Note that the dust cap should be left in position. For the 3-speed conversion, it is recommended to fit a 1/8-inch axle washer to each side to give extra width and stop the smallest sprocket fouling the frame. This will increase the over-locknut distance by just over 6 mm, and may require you to fit a longer axle, replacing the standard 5¾-inch axle with a 6¼-inch one. For everything to work, since the SA hub is some 110 or 112 mm across the lock nuts, your rear dropout width should be in the range 115 to 120 mm. If you are lucky, no dishing or re-dishing will be necessary. In the worst case, you may need a very small amount of re-dishing. Needless to say, things are likely to be easier with the 2-speed conversion, reducing the likelihood that you will need to fit a longer axle and/or re-dish the wheel.
Please take a look at my 1949 Gillott Spearpoint fitted with a 12-speed hybrid system ranging from 32 to 86 inches. I am indebted to my friend Geoff Cook for his assistance in putting this hybrid gearing system together. The hub is a very nice 1948 FW 4-speed obtained from Rob Burton in Bognor Regis. The block is a Cyclo 3-speed, 16-19-23T, obtained from Nick Tithecott of H Lloyd Cycles, Penrith, who also supplied the 1952 Cyclo Benelux Sport gear mechanism. The latter is not quite period-correct, but my plans to use a 1948 Cyclo Super Olympic Professional were scuppered by its very limited capacity (just four teeth, by virtue of its single-roller design). Geoff Cook supplied the long SA axle from his stock made in the 60’s and 70’s for Moultons and Raleigh RSW16 shoppers, which had wider dropouts.
With Geoff’s considerable help, we replaced the screw-threaded SA driver with a splined one to match Nick Tithecott’s block, replaced the axle with the longer one, added the axle washers for extra spacing, and had a happy time adjusting the Cyclo gear. This was not entirely a simple matter (see Peter Brueggeman’s Adjusting Benelux Gears) although it was a breakthrough when I realised that old Cyclo derailleurs have no high-gear adjustment! The actuating rod is simply machined to what ought to be the right length to give the correct travel for the block in use. This means it’s very important to look at the stamping on the gear cage. If it says 3 sp 1/8″ ONLY, that’s what you get (unless you change the actuating rod).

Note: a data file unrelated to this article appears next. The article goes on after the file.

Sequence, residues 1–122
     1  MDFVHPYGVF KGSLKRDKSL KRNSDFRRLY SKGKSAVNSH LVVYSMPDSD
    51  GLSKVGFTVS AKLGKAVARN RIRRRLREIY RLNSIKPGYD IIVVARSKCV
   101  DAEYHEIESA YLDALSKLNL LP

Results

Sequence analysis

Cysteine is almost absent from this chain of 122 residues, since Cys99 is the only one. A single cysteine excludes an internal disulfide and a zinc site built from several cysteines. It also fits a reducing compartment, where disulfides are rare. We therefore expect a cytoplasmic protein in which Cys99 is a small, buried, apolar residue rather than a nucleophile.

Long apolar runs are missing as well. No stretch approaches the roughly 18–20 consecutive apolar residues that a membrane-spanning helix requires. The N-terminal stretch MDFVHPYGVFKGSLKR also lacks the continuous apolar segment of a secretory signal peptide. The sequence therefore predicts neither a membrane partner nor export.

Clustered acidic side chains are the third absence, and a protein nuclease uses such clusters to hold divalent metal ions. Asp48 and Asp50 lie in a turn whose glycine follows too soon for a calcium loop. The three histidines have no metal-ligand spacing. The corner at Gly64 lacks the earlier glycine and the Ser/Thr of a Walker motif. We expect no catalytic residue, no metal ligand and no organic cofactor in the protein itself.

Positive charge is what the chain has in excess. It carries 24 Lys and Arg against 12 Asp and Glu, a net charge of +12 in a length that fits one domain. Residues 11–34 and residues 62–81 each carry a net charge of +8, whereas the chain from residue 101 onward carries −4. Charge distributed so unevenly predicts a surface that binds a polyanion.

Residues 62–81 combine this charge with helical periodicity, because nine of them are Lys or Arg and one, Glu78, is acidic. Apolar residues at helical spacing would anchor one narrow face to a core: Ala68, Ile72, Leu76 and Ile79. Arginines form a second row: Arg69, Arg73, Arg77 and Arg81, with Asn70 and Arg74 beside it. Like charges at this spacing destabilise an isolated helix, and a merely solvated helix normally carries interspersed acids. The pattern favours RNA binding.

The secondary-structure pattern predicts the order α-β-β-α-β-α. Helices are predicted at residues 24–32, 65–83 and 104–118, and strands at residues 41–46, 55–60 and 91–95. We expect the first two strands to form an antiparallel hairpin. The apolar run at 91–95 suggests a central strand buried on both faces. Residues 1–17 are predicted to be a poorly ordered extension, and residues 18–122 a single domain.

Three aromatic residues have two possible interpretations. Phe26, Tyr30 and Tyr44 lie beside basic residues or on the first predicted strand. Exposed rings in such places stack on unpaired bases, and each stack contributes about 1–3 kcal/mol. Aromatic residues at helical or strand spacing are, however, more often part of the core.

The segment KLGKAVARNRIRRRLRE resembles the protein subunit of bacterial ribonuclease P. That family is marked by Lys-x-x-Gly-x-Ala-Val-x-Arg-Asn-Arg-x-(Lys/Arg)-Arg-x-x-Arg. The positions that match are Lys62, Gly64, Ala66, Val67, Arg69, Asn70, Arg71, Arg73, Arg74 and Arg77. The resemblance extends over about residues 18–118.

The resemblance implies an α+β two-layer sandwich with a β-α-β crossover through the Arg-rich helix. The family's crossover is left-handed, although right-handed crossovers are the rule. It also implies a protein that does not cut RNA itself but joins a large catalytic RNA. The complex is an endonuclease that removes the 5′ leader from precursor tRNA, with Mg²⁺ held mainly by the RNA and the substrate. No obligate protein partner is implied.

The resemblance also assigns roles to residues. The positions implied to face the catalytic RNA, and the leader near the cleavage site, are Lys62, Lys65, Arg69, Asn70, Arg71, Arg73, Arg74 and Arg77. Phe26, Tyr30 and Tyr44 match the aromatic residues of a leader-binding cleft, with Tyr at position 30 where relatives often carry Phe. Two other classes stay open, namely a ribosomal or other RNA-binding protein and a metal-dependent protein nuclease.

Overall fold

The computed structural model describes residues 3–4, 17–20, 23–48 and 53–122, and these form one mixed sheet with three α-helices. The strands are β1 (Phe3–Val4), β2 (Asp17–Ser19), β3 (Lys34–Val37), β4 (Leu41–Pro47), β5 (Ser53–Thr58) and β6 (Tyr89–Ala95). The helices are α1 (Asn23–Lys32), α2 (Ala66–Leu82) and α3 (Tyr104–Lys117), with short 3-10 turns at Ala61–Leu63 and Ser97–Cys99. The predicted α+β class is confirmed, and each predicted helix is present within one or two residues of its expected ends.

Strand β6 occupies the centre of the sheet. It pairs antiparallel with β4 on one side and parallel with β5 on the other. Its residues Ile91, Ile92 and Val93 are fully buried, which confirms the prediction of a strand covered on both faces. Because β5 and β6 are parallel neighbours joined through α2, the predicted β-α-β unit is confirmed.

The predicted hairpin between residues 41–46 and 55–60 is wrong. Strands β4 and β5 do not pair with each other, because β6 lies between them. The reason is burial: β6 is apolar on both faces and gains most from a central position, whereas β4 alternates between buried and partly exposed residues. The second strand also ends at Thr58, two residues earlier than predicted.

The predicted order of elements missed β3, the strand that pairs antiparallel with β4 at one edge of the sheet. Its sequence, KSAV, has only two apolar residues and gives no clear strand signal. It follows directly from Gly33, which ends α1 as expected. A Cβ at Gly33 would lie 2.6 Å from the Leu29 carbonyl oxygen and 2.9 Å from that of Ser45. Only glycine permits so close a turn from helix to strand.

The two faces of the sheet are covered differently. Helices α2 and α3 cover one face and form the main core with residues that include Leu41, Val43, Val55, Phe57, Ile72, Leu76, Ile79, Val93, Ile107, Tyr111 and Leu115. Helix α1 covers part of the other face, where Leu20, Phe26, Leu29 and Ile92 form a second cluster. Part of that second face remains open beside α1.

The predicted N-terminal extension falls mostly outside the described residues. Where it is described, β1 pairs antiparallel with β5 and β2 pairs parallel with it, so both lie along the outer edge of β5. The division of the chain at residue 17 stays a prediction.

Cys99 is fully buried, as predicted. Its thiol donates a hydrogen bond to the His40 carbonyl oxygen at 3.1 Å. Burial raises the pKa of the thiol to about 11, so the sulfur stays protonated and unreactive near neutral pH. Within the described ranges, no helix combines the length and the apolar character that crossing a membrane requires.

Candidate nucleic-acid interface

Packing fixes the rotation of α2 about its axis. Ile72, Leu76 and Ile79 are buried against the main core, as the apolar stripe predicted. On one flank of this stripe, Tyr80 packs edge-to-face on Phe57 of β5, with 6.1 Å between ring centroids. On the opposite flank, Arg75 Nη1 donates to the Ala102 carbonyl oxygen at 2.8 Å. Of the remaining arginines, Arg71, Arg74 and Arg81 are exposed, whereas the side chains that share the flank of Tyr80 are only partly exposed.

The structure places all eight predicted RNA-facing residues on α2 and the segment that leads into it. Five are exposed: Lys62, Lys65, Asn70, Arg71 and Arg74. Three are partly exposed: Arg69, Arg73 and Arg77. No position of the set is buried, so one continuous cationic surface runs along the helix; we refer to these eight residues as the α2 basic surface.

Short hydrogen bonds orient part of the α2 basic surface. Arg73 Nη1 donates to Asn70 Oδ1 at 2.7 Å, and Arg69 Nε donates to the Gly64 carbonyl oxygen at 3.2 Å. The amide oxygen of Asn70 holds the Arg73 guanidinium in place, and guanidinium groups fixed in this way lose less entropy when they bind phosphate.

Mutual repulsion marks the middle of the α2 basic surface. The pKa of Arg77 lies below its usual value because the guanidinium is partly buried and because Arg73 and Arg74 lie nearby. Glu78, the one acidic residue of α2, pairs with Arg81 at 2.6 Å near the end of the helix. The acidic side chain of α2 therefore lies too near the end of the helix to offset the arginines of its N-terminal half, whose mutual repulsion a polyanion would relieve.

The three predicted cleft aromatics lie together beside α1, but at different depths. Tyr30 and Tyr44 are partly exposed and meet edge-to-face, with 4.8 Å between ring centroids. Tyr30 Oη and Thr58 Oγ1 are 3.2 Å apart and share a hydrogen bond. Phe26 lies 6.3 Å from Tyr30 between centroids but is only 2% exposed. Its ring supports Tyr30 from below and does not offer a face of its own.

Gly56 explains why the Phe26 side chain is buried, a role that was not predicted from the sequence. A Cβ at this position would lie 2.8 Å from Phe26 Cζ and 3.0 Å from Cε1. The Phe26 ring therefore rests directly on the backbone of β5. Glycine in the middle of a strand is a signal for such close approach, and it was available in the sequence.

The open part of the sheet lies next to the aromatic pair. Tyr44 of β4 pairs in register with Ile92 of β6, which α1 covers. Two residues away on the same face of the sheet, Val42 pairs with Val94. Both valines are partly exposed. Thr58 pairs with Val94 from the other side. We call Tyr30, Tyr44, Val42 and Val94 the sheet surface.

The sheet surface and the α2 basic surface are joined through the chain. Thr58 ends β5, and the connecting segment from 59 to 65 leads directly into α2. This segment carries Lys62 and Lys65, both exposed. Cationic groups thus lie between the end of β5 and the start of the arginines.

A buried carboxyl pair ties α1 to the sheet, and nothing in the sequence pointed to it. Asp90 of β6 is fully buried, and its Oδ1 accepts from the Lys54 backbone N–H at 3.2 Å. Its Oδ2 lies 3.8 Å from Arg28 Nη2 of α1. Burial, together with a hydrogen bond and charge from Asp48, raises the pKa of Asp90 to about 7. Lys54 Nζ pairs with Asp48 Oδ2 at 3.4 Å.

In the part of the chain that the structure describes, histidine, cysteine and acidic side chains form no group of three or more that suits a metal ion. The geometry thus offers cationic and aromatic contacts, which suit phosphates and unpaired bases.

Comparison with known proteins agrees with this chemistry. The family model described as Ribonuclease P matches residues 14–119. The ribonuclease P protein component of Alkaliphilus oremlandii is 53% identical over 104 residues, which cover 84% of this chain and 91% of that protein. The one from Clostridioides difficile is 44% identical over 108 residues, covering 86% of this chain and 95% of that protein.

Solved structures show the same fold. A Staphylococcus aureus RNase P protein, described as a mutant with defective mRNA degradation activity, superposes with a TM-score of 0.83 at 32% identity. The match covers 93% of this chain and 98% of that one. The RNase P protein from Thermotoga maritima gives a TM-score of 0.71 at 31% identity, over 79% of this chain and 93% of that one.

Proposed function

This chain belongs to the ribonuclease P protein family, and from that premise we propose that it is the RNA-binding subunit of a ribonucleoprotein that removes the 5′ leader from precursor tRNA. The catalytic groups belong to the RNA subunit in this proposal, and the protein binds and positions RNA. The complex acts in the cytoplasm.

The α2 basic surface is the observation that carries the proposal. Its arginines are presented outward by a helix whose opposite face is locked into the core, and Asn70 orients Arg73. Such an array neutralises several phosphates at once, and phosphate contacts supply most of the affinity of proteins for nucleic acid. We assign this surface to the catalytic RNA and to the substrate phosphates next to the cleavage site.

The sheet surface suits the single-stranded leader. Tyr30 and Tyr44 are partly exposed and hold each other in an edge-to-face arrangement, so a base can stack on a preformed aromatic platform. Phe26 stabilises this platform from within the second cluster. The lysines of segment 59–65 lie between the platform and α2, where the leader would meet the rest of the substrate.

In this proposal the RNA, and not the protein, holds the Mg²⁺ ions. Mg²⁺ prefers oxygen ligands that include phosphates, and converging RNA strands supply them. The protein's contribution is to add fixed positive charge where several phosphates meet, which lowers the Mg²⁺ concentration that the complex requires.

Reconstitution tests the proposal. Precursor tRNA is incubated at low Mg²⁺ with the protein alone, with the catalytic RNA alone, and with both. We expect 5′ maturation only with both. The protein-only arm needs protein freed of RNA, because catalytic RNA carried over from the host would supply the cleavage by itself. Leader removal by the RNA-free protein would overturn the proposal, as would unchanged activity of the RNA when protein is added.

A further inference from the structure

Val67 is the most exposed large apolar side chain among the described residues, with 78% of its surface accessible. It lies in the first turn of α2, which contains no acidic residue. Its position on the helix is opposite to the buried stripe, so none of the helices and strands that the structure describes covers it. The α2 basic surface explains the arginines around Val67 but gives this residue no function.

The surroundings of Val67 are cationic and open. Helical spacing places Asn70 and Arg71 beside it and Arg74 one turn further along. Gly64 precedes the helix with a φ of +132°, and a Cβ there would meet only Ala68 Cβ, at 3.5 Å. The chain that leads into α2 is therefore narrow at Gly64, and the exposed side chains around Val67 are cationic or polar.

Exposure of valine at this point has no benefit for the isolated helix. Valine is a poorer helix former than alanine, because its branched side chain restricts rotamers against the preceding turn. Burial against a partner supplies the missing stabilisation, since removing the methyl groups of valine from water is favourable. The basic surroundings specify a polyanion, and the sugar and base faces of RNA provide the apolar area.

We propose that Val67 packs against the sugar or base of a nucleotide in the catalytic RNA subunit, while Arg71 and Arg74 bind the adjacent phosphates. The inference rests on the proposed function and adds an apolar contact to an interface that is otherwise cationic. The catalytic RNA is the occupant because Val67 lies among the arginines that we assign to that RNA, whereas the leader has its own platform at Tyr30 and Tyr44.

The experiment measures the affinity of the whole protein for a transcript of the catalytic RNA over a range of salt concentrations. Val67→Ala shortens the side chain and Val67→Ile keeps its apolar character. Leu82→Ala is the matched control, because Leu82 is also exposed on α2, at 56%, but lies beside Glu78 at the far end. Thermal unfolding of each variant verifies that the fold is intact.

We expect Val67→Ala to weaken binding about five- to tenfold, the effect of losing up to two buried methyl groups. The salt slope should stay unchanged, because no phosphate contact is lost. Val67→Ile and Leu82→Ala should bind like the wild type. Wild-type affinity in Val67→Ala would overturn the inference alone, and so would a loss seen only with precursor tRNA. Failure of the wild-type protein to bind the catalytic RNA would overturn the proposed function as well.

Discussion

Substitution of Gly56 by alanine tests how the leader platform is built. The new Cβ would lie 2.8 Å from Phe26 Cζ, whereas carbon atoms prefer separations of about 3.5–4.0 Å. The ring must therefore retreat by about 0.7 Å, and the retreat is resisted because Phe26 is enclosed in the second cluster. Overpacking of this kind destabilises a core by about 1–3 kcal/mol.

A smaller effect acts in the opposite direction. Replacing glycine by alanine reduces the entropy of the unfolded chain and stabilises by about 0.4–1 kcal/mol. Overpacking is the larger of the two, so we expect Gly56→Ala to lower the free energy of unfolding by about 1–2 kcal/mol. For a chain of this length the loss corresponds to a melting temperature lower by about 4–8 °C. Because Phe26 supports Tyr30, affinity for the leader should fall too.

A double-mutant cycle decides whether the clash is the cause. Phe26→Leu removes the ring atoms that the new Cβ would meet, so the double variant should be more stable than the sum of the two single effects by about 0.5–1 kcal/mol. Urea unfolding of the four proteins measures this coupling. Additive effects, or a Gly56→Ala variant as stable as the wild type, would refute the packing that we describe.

I have encountered one minor problem in that the dropout axle slots on the Gillott are ever so slightly too wide for the SA axle, which has flats on it. This is no doubt because the frame was built for a gear/fixed hub without axle flats. It means that the SA axle has a tendency to rotate in the frame. I minimise this by using SA washers that locate on the axle flats and have `protuberations’ designed to mate into the axle slots. This is not such a problem with bikes that were made to take an SA hub gear, and have narrower dropout slots to suit.
If you wish to read more on this topic, there’s a small amount of additional information in Appendix C, “Hybrid Gearing”, of Tony Hadland’s 1988 book The Sturmey Archer Story. Tony includes mention of products from manufacturers other than Cyclo, such as Dacon. My own experience, however, is limited to Cyclo.
I had a very frustrating attempt to fit a Cyclo conversion to Penny’s FM hub on her Claud Butler. The problem was that the hub did not freewheel easily. The derailleur conversion block kept rotating when you attempted to freewheel, the chain went slack, the crank end hit the sloppy chain, chaos! The problem with the FM is the large amount of internal friction during freewheeling, which causes the gear internals (and so the pedals also) to rotate unless opposed by some small force.
With the normal set-up, the rider applies this small force naturally via the tension of the bottom run of the chain when freewheeling. But with a derailleur mechanism in place, freewheeling causes the tensioning arm to detension the bottom run of chain, with consequent bad effects (e.g., chain comes off)! We had a look in the SA Service manual and found that this is normal for certain SA hubs.
Page 15 of Sturmey Archer’s Service Manual says:
“The gear internals are rotated during freewheeling in FM, FC and AC hubs, therefore, providing cones are properly adjusted, a slight pull on the pedals and possible rotation during freewheeling is in order.”
For this reason, these hubs are not suitable for conversion to hybrid gearing, as any rotation during freewheeling leads to loss of chain tension and possible disastrous chain derailment. There should be no such problems, however, with the widely-used FW and AW hubs.